High school you go make a difference?





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Discus: What Are My Chances?: September 2003 Archive: High school you go make a difference?
By Ahlawahed (Ahlawahed) on Sunday, September 07, 2003 - 02:33 am: Edit

I am just wondering, do colleges look very much at the High School you go to because there are so much people giving stats that are over qualified for these top colleges. People from my high school get in to Stanford with 4.2 weighted GPA and 1500 SAT, some with 4.0 weighted GPAadn 1400 SATs. Same with ivys. However my highschool (public in california)ranks in probably the the top 10 in the U.S. well it used but still is in that category. Also, we have famous alumni from our school, does that make a difference, i mean like Hewlett from Hewlett PAckard, or was it packard, (who attended Stanford also), Founder of Gap, the youngest man on the Supreme court today, and more. Is this included by the high school wen they send the transcript.

Btw, how can you people in your high school take like 4 AP classes in their sophmore year don't you have prerequisites or you just sign up.

By Aurelia (Aurelia) on Sunday, September 07, 2003 - 03:30 am: Edit

Lowell High School?

By Gianscolere (Gianscolere) on Sunday, September 07, 2003 - 07:43 am: Edit

The high school you go to can make a slight difference, according to two college admissions books I've read. If a college is not familiar with your high school's grading policies, they said it will be tough to discern if your achievement level is on par with other top students applying to the same college. Simply put, a top 1% rank in one school is different from another.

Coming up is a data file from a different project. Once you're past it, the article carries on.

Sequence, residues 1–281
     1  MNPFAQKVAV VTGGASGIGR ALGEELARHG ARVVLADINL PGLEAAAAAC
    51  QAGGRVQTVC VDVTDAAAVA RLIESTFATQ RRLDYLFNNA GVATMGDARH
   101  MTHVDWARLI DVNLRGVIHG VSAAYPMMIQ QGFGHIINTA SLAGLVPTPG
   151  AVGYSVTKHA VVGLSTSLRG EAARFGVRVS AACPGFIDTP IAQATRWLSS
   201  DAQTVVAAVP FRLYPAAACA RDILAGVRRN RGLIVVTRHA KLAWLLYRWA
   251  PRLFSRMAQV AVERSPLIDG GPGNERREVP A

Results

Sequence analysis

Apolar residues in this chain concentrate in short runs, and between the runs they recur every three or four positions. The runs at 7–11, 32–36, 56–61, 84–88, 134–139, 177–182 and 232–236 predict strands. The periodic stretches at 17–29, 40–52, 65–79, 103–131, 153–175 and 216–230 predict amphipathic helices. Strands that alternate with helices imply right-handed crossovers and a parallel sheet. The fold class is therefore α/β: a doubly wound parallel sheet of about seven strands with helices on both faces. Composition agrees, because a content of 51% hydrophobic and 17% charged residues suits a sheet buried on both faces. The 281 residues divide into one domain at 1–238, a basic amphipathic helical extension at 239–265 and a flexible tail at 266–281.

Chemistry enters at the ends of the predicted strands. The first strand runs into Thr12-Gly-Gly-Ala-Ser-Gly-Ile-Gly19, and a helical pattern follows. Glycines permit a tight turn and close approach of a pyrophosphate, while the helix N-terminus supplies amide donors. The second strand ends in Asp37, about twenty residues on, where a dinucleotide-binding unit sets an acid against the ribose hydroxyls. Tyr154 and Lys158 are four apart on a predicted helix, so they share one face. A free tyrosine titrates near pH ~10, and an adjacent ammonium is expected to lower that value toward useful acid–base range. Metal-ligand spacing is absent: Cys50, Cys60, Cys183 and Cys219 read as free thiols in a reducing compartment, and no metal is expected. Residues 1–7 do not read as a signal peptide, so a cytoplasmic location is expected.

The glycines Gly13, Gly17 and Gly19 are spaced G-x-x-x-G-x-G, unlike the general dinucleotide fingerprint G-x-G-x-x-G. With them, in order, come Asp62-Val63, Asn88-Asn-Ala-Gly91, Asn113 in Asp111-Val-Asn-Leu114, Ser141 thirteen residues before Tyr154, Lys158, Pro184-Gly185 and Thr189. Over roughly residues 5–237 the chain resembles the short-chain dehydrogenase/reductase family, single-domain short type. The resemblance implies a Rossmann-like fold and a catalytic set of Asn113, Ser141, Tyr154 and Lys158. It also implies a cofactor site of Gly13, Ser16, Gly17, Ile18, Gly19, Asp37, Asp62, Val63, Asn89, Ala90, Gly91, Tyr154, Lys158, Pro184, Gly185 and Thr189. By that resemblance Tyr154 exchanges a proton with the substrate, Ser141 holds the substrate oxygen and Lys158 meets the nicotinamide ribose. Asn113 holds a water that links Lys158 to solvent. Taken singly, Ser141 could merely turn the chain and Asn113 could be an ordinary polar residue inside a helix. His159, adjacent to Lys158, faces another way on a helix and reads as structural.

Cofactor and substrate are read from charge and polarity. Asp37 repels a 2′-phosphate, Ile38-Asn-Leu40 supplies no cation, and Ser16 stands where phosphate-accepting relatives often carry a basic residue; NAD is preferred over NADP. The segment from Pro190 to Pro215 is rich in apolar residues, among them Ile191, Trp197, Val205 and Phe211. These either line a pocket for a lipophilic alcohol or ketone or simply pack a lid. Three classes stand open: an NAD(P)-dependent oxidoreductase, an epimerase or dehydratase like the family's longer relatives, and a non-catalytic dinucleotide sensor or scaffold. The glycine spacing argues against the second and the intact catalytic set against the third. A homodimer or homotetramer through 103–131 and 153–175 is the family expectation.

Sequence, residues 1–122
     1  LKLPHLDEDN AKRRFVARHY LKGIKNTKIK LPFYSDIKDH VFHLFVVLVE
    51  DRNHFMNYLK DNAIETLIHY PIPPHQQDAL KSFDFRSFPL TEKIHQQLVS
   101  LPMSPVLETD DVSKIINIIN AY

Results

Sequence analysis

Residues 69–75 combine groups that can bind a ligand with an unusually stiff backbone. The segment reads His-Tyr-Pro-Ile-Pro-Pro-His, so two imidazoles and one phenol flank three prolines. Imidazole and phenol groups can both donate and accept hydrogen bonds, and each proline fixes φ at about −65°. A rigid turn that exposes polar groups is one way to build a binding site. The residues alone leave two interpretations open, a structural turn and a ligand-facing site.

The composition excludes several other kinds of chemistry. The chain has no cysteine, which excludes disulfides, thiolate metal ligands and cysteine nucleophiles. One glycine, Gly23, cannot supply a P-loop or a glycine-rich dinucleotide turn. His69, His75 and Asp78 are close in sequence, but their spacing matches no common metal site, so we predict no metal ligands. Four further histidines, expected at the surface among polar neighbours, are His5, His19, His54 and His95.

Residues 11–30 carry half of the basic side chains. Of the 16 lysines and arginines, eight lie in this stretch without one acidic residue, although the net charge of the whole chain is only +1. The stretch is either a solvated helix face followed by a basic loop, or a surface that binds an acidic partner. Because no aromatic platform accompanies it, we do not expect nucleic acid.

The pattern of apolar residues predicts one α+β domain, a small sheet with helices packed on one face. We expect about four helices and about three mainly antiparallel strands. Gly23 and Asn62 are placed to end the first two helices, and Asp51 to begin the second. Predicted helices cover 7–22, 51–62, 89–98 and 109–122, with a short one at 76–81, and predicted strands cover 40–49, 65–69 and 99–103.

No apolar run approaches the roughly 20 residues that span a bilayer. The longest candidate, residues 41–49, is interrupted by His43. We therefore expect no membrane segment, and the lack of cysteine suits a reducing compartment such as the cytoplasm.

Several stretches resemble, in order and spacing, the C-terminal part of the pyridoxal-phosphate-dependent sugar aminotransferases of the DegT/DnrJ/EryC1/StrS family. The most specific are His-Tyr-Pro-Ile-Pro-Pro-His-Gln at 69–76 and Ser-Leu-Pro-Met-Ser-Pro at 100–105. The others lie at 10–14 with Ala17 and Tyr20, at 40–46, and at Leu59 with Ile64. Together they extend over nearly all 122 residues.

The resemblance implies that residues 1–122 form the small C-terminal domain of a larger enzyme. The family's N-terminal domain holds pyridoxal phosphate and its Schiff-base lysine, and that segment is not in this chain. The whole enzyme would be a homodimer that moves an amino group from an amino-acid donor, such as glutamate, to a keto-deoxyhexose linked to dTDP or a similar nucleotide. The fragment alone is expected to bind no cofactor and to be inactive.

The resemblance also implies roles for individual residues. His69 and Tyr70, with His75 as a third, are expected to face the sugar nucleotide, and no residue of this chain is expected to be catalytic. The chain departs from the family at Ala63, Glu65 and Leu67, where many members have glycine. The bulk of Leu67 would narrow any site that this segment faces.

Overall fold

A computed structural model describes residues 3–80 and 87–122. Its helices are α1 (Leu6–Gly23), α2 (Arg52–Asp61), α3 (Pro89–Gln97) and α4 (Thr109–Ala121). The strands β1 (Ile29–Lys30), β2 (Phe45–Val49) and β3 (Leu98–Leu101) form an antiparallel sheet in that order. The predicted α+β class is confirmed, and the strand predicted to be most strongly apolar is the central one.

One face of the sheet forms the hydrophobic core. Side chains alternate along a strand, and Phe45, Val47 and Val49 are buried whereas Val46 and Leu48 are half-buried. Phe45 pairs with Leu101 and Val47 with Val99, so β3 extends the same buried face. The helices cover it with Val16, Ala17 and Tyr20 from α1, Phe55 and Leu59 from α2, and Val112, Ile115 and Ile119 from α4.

I heard that at Duke, students applying from the most elite high schools in the country rarely receive a 5 out of 5 on rigor of courseload...it's because some of their classes are not labeled AP (to enforce the notion that classes should be about learning instead of focusing in on tests). Also, if a student takes the most rigorous schedule in the school, grades often suffer because the classes are extremely hard. With the majority of the teachers having graduated from Ivies and Ivy-equivalent colleges themselves, it would be hard to imagine the workload being easy. It really is hard to achieve at a high level at these prep schools...even harder than I imagined (and official classes haven't even started yet...I just base my judgment on mock classes and homework that I took part in). I don't know how exactly to describe the academic rigor in these schools...well, students deal with very challenging, knock-your-brains-out material supplemented by an hour's worth of homework per subject a night. Most of our kids come here with straight-A records. Only 1 in 10 maintains the A average...the rest get Bs, Cs, and Ds. It's really scary to think about it.


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